Times tough for area single-mom families

Area nonprofits not seeing same trends as recent national report

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SHAWN GUST/Press Elizabeth Gonzalez, 37, holds her two-year-old son Yomar Lopez Wednesday as while looking out the front door of their small home, a St. Vincent de Paul housing project in Coeur d'Alene. A recent report sites that there are more single mothers in Kootenai County with jobs and fewer children in poverty status, a report that local outreach organizations dispute.

COEUR d'ALENE - Living situations could be improving for Kootenai County families, according to numbers reported by a national data collection organization.

But they're probably getting worse, based on indicators from local nonprofits and agencies.

The Annie E. Casey Foundation released its annual Kids Count report on Wednesday, showing that in the late 2000s, the county saw a jump in single mothers with jobs and a decrease of impoverished children.

But there isn't such a positive pattern now, said Jeff Conroy, executive director of St. Vincent de Paul.

"I haven't seen that," Conroy said.

According to the count, the number of single working mothers with young children in Kootenai County increased from 1,786 to 1,953 between 2008 and 2009.

Kids under 5 living in poverty also dropped nearly 10 percent between '07 and '08, from 2,485 to 1,717.

The data also show that children on food stamps in the county rose from 6,517 in 2008 to 8,103 in 2009.

Regional Kids Count spokespeople couldn't be reached for comment.

The foundation's data is collected from federal statistics agencies. The stats tend to be a few years old due to the time necessary to correlate the mass of data.

Many families are struggling in Kootenai County, Conroy said.

"We're seeing a huge increase in homeless families, homeless moms with children," he said.

Family homelessness rose by 73 percent from 2009 to 2010, he pointed out.

"That's the foreclosure dynamic we're getting into," he said. "They can't afford homes, and rents are going up, as well."

Many women and mothers who seek assistance are victims of domestic violence, Conroy added, circumstances he believes are spurred by the stress of failing to make ends meet.

"They've left their spouse or are getting out of a bad situation," he said. "We're seeing women who need help making rent, who need help finding housing, who need help with utility bills."

Emily Simnitt, spokeswoman for the Idaho Department of Health and Welfare, said the number of folks on food stamps statewide has increased every year since 2008.

There were 20,507 individuals on food stamps in Kootenai County at the beginning of this year, Simnitt said, adding that about half of that tends to be children.

"We know that many people who have been coming in for food stamps in the last few years have never been receiving assistance before, which is directly related to the economic downturn," she said.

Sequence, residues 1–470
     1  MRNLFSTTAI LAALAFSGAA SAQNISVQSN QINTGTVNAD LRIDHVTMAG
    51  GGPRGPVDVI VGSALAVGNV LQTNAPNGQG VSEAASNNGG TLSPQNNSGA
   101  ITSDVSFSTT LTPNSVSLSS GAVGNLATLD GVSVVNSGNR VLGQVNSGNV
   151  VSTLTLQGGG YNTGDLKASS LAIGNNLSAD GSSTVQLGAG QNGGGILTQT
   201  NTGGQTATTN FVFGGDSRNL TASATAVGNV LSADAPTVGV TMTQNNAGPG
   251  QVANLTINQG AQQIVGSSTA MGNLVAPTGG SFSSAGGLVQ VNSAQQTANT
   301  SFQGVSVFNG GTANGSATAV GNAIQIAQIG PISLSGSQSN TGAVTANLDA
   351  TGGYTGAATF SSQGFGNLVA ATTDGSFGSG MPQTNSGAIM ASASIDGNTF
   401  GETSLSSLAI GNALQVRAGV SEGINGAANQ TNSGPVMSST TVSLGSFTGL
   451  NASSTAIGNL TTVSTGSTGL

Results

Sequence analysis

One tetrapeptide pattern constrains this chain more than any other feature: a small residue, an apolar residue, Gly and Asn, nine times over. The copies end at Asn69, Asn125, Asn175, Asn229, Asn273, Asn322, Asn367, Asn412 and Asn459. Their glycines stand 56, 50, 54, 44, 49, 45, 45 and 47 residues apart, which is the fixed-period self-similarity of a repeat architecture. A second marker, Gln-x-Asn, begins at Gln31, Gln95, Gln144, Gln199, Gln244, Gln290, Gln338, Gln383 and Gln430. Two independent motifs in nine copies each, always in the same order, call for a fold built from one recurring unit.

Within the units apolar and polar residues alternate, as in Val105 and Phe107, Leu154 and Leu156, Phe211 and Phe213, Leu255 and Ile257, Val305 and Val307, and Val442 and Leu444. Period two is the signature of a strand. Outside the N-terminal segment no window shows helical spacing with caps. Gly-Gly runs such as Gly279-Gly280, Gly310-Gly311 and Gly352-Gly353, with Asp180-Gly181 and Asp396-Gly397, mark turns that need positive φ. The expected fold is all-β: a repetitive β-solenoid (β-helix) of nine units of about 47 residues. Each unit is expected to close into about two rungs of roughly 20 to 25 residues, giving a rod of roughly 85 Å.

There hasn't been a decrease in families applying for the Women, Infants and Children program, said Panhandle Health District spokeswoman Cynthia Taggart.

For the past few years, about 3,800 low-income families in Kootenai County have entered the program that provides food vouchers and health guidance for newborns and toddlers, she said.

"Vouchers can be $75 a month," Taggart said. "For some families, that can be a substantial amount."

The Kids Count is a national and state-by-state effort to track the status of children across the U.S.

In the annual report's ranking of states by children's well being, Idaho was listed 22nd overall, up from 25 in 2000.

Since Elizabeth Gonzalez and her three youngest children moved to Coeur d'Alene from Irving, Texas, this year, she said, her days have been consumed with obtaining assistance and meals from food banks.

"We're doing it little by little," said Gonzalez, adding that her mother in the area didn't have room for her and her kids, ages 2, 4 and 6.

SVDP has put them in a home until transitional housing opens up, Gonzalez added. The nonprofit has allowed her to work nights at the thrift store while she seeks therapy for mental issues.

Getting by is stressful, even now that her husband has joined them and is job hunting, she said.

"It's a lot at once, and with school coming up for the children," said Gonzalez, 37.

Still, she's optimistic.

There are more resources here to get folks on their feet than other states she has lived in, she said.

And she's just determined to provide for her children.

"We're hoping to stay here," Gonzalez said, adding that they're also counting on help from the federal Homeless Prevention and Rapid Re-Housing Program. "We're pretty confident that with their help, that within the next four or five months, we will have our own place."

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